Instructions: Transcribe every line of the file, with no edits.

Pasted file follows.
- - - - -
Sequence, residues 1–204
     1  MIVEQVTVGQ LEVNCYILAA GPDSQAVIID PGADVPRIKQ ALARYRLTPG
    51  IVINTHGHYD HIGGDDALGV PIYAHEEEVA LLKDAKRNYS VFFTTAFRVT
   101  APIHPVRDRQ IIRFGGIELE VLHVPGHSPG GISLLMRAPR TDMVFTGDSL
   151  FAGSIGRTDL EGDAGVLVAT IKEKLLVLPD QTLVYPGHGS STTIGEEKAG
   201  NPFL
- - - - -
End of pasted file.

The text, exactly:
Sequence, residues 1–204
     1  MIVEQVTVGQ LEVNCYILAA GPDSQAVIID PGADVPRIKQ ALARYRLTPG
    51  IVINTHGHYD HIGGDDALGV PIYAHEEEVA LLKDAKRNYS VFFTTAFRVT
   101  APIHPVRDRQ IIRFGGIELE VLHVPGHSPG GISLLMRAPR TDMVFTGDSL
   151  FAGSIGRTDL EGDAGVLVAT IKEKLLVLPD QTLVYPGHGS STTIGEEKAG
   201  NPFL